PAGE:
Greetings Digital Family, and happy holidays! As we round the final turn in this marathon year 2020 (woohoo!), we took some time to review how this very unique time has affected our front-line teams.

Traditionally moderation and community managers are responsible for ensuring your online community is a safe and pleasant place for users to engage and share information with respect and dignity. Early on in the study of online communities, it became extremely clear that a significant part of the role included the need to both study, and curtail certain language – everything from vulgarity, to bullying, to the grooming of young people for political or sexual motives.

Technology, industry and law makers have taken huge measures to ensure the online world is as safe as can be; but it’s by no means a battle that’s been won. Ongoing and frequent checks and balances on nomenclature, culture shifts, and changes to traditional language are part and parcel of the job.

Further, once your team adjusts their technology to recognise and remove one new set of words, the community will immediately adjust and create new nomenclature.

In recent years online communities have recognised that this phenomenon wasn’t only for the young but has been extended to almost every corner of online communities and social media.

What does this have to do with 2020? As you know (and have likely experienced in varying degrees yourselves) this year has been unique and unprecedented in many ways; in this case, we’ve found that our clients (and by definition, our internal team) have spent a significant amount of time reviewing the language and information shared by our clients’ community members.

To provide context, remember that the largest social networks, Facebook and Twitter, have gone so far as to implement new policies and new technology which will review content and either include a warning message, or remove the content altogether, especially after the 2016 US elections.

It had become apparent that at least to some extent, there was interference in the campaigns which lead to misinformation being shared on a massive scale through hashtags and keyword searches. This led to a real public outcry about how social media and private companies are collecting not just user information, but keywords, hashtags and language use. Then selling it to the highest bidder, and presenting how that information can be used to manipulate real world actions.

Across Europe, the European court of justice ruled that European countries can order Facebook to remove content worldwide, and not just for users within their borders. Also the European Audiovisual Media Services Directive requires online video services to take appropriate measures to protect viewers from harmful or illegal content, including setting up age checks.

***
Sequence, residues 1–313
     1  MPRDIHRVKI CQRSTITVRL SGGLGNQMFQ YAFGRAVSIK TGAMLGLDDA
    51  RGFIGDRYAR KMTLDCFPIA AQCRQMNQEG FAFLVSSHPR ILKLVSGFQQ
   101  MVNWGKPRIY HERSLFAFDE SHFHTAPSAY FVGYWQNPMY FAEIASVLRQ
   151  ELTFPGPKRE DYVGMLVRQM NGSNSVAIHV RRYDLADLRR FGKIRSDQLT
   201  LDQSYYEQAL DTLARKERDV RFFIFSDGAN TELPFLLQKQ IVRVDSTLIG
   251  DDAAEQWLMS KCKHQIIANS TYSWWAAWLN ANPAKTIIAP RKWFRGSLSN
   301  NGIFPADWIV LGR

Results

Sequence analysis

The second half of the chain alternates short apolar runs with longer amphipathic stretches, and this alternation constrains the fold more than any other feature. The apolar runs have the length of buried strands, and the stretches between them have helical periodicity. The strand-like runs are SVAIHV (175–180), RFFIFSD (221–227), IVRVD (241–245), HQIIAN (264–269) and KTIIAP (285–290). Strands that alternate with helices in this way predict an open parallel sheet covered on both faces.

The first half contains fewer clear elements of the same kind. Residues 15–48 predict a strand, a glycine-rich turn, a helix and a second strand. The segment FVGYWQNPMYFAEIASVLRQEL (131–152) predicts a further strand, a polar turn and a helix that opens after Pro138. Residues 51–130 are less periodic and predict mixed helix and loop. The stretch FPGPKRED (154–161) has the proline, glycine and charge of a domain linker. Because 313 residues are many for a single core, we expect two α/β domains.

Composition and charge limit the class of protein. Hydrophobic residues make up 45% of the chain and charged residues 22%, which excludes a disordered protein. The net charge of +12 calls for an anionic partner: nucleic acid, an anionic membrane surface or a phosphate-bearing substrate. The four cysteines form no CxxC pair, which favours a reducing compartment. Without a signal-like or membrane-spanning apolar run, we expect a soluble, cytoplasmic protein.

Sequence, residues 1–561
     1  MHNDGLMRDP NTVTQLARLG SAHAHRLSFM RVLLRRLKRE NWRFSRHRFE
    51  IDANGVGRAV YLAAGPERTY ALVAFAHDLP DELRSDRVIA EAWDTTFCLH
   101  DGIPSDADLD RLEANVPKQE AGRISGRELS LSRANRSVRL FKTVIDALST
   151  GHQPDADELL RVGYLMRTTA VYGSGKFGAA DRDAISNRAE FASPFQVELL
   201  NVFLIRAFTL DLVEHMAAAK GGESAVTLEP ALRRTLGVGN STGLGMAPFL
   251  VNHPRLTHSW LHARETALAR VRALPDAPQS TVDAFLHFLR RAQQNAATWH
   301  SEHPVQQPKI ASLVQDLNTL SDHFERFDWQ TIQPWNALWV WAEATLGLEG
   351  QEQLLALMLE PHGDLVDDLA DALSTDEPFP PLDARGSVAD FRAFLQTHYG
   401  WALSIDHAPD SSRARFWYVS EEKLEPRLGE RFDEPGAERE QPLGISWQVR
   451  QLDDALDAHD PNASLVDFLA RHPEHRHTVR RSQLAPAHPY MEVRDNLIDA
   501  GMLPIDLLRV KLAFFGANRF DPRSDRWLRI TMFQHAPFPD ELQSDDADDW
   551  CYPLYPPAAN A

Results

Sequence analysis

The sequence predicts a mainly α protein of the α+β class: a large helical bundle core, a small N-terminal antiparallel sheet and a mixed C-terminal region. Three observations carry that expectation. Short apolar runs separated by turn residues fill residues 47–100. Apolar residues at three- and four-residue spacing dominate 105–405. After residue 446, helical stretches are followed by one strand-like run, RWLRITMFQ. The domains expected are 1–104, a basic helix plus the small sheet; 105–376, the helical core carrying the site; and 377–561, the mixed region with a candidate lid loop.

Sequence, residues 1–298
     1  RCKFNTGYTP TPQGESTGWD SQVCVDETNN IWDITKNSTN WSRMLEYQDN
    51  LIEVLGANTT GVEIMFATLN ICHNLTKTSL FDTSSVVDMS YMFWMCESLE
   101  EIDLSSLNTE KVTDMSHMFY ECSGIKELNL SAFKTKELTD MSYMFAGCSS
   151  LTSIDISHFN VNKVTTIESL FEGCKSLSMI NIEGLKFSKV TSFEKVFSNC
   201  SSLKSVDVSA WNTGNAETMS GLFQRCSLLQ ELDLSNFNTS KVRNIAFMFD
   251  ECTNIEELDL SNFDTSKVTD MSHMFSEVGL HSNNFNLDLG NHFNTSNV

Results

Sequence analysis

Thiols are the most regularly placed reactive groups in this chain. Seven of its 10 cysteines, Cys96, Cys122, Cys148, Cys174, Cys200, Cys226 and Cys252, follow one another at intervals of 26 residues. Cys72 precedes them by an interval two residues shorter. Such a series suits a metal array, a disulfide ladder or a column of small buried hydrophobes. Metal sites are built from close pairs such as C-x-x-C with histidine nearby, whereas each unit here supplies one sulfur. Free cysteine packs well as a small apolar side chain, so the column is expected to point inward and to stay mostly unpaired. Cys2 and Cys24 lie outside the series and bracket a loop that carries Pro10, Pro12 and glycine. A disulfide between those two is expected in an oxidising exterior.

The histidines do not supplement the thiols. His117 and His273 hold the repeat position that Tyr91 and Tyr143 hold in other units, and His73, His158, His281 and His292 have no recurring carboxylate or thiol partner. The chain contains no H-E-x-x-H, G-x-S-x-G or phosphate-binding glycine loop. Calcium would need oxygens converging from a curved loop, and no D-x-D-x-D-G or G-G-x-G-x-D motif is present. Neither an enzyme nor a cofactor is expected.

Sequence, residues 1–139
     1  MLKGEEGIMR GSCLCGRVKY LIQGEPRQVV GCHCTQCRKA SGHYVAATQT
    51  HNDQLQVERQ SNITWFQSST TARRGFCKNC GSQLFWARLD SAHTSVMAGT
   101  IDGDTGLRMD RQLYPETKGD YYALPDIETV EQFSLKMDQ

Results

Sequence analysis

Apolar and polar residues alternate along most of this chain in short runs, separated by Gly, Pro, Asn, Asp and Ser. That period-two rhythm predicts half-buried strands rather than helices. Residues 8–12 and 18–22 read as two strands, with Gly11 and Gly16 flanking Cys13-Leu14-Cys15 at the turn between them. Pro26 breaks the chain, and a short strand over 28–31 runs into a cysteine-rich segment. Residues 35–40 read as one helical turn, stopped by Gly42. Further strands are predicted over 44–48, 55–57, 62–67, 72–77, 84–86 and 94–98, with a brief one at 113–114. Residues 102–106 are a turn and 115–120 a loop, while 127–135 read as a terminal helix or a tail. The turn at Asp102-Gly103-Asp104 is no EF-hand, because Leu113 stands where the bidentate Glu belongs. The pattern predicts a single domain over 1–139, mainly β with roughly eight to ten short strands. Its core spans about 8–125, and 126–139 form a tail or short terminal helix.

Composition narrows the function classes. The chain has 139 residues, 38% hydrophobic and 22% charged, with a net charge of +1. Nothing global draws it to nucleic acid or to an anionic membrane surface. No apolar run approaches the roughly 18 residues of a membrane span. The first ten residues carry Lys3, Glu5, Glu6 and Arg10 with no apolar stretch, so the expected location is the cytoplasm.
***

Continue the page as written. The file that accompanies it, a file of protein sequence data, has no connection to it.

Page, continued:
Both Facebook and Twitter stepped up to the challenge, devising new tools to protect the integrity of the critical vote. During the electoral campaign new ad transparency measures were put in place, and in the immediate aftermath Facebook kept users updated on the latest polling information by adding prominent banners to feeds, reminding that votes were still being counted.

Facebook is constantly measuring how far it can push things, and when it needs to slow trends up, in order to avoid them spilling over. Facebook is also reportedly looking to add more friction to sharing of political posts in order to slow the momentum of conspiracy-fueling content. However, technology can only do so much and the need for live human assistance will always remain part of the equation.

Fast forward to 2020 – and between Covid-19, Black Lives Matter, another US Election and more, brands are jumping on the same bandwagon as the platforms themselves; working diligently to ensure both their technology and their teams are well equipped to recognise and take action against any potentially damaging misinformation. How they react after this has been varied:

  • Removal – Moderators have kept a close eye on live threads; ready to hide, delete or request certain words be filtered out of action.
  • Reporting – depending on the severity of the language and it’s overall message, moderators have been escalating more content as incendiary or ‘fake news’.
This year has seen very particular language adjustments to almost every kind of community that can be traced through almost every kind of online space.

Because our moderators and community team are already familiar with how to spot new phrases, they’ve been instrumental at finding new phrases around Covid-19, politics, and social movements. In particular, we’ve found that companies are focussed on the reporting and sometimes, removal of words and phrases such as “Plandemic”, “Covidiots”, “Libdem” and “Anti-vaxx”.

Some clients may wish to highlight (eg create reports on) the above so that they’re better able to format their messaging. Others are adding these, and others, to their filters straight away so as to avoid the spread of potentially dangerous fake news. In addition, our team members have been asked to stay vigilant and report back any new, potentially controversial phrases so that they may be studied and filtered out.

Our moderators and community teams have spent more time than usual this year honing their ‘spidey-senses’ through the ongoing review of potentially controversial or dangerous language. The importance of their work cannot be taken lightly as it’s been an integral part of keeping the right messages present, and the wrong ones from spreading like a virus.

Let us know what words and phrases you’ve been dealing with this year; and get in touch so we can work together to keep your communities open to all!


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